The competition is Toast
All verticals are undergoing digital disruption, or as the tech investor Marc Andreeson famously said: “Software is eating the world.” Because of that disruption there’s a massive opportunity for banks to acquire new distribution and new customers and revenue. The recent $20bn Toast IPO illustrates the possibilities. Toast is digitally revolutionizing restaurant management with its modern, cloud-based restaurant point-of-sale system, but it generates a large portion of its $1.7bn revenue from payments fees. Banks successfully embedding their services into disruptive, high-growth applications will materially outperform those that do not.
Successful digital disruption and eye-popping growth are driven by compressing time, automating tasks and workflows, and – most of all – providing delightful, frictionless experiences. Hailing a ride via a mobile app, curbside takeout and contactless ordering and payments, instant point-of-sale financing are all powered by rich, real-time data.
To execute embedded finance strategies that capture payments flows and lending originations in business verticals, banks must go to market with a fully digitized platform that can both serve large volumes of varied data as well as project that data and functionality into applications. And they must do it with the speed and scale of a fintech or big tech company.
FDX: Industry-led financial data sharing
Banks are finding new ways to digitally service their customers. Just like how banks put branches and ATMs into shopping malls to better service their customers where they physically are, financial services firms are working through API aggregators like Yodlee or Plaid to get the broadest distribution of customer transaction data and payments functionality into the digital experiences their customers want to use (like Venmo, Mint, or Personal Capital). This enables financial services firms’ customers to use the best digital experiences most tailored and useful to them.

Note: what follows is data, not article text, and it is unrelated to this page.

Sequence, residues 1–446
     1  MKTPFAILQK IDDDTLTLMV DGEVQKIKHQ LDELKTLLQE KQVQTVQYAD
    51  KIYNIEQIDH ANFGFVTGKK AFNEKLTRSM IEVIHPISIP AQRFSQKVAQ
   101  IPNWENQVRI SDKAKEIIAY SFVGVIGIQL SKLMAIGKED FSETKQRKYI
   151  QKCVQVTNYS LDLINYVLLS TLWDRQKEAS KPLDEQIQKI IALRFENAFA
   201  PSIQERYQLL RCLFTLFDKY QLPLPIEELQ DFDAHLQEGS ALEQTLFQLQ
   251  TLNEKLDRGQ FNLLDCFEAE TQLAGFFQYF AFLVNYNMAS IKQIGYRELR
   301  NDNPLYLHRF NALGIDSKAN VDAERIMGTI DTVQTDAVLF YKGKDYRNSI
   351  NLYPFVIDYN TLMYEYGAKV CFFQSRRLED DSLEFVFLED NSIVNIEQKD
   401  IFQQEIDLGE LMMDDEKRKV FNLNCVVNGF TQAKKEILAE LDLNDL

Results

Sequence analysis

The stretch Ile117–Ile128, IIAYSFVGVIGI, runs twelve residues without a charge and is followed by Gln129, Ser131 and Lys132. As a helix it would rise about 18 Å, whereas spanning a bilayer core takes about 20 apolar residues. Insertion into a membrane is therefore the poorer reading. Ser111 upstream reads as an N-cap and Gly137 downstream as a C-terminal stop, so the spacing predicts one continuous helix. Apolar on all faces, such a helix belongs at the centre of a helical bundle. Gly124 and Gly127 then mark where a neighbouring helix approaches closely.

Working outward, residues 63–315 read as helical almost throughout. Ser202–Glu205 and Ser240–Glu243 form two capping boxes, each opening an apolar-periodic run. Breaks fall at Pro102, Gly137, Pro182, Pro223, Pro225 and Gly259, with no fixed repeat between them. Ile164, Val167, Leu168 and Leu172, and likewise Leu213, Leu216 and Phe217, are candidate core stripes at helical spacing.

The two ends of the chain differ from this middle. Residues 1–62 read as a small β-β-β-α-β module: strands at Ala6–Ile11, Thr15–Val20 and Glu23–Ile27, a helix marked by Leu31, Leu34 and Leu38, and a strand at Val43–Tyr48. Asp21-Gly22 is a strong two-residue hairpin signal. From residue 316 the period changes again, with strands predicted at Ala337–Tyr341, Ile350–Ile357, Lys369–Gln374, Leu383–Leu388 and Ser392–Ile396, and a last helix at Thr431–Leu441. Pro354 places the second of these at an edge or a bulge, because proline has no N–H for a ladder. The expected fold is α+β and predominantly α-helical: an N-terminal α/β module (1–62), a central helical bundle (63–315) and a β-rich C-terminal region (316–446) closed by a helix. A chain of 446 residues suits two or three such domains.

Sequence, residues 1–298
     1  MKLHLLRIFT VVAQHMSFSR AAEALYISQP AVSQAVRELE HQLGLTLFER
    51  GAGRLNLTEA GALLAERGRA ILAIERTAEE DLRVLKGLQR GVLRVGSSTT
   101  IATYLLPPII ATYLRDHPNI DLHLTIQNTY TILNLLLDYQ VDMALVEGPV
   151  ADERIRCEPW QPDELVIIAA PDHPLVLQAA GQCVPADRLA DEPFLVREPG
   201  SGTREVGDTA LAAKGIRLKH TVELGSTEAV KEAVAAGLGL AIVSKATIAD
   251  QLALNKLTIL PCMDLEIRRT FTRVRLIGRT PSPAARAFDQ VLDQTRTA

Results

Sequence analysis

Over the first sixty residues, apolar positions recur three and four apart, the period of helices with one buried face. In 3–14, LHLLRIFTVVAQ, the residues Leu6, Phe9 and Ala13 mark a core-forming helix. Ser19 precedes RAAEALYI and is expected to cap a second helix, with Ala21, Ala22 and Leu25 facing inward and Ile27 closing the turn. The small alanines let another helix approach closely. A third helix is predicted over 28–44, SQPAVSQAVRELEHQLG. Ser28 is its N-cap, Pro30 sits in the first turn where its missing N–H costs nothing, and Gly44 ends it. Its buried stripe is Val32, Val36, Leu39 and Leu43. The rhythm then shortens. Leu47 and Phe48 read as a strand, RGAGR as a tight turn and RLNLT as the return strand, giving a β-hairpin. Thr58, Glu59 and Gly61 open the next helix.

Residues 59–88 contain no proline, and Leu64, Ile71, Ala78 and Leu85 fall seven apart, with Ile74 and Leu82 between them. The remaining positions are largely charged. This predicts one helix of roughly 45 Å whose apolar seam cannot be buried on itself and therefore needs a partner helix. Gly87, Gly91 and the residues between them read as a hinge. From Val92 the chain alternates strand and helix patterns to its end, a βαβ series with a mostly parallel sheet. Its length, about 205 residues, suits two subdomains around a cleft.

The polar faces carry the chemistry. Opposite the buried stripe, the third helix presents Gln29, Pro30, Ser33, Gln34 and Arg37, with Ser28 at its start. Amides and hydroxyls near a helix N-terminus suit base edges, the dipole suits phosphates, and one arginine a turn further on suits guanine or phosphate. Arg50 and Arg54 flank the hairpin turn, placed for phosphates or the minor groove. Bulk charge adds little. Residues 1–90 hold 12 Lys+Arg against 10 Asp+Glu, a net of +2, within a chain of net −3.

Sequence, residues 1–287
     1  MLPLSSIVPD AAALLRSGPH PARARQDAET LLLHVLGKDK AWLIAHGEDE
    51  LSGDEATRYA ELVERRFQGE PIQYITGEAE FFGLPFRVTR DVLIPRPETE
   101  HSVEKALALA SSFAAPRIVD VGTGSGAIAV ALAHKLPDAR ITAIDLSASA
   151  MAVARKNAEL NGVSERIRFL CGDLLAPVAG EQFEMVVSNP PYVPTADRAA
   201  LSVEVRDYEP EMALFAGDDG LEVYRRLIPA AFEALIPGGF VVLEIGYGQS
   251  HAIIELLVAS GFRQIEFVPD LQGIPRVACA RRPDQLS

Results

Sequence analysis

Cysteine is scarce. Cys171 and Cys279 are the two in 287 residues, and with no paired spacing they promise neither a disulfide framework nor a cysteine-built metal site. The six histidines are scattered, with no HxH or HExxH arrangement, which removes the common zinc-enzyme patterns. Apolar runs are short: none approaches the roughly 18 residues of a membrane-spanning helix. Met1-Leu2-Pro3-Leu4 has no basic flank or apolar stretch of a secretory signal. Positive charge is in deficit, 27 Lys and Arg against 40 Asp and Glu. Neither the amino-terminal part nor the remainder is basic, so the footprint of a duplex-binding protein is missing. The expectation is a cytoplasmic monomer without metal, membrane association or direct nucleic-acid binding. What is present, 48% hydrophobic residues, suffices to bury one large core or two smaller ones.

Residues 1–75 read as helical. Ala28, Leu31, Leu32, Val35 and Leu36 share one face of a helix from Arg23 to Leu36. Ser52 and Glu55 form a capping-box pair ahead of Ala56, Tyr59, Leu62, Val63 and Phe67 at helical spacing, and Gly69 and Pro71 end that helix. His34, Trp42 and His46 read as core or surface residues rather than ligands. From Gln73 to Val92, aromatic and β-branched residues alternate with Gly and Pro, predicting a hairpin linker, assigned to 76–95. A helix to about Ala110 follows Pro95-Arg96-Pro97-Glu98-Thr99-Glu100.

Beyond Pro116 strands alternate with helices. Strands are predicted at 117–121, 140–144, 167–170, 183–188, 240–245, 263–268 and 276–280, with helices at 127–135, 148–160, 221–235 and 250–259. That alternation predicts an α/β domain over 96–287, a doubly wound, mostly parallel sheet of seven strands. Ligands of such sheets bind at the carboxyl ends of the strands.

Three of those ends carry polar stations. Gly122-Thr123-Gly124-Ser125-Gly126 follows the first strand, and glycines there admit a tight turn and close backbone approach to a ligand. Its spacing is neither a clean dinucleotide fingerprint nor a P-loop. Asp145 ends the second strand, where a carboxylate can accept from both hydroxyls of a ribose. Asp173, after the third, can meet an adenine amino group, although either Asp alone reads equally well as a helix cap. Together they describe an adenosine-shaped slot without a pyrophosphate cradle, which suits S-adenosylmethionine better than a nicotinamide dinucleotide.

For this base level of user-permissioned financial data sharing, North American financial firms have banded together to standardize the technical API specifications themselves, via the Financial Data Exchange (FDX) organization. The combination of standardized API specifications for financial data sharing and API networks for easy distribution and consumption is making financial data widely available to customers in applications they love and want to use.
As with vertical solution partnering, banks are having to re-tool their backend systems to support real-time interactions with myriad consuming applications, far broader and deeper data handling, and the ability to project data and services into third-party experiences. It is a massive change in the way banks are going to market, but considering the scope of disruption they face, the payoff justifies the investment. Open banking is both here and not here — while not driven by regulations, “open banking” in the form of embedded banking is the new basis for competition in the US.
Learn more about DataStax here.
About David Andrzejek:
David has spent 25 years helping companies adopt technology to achieve outsized business transformation results.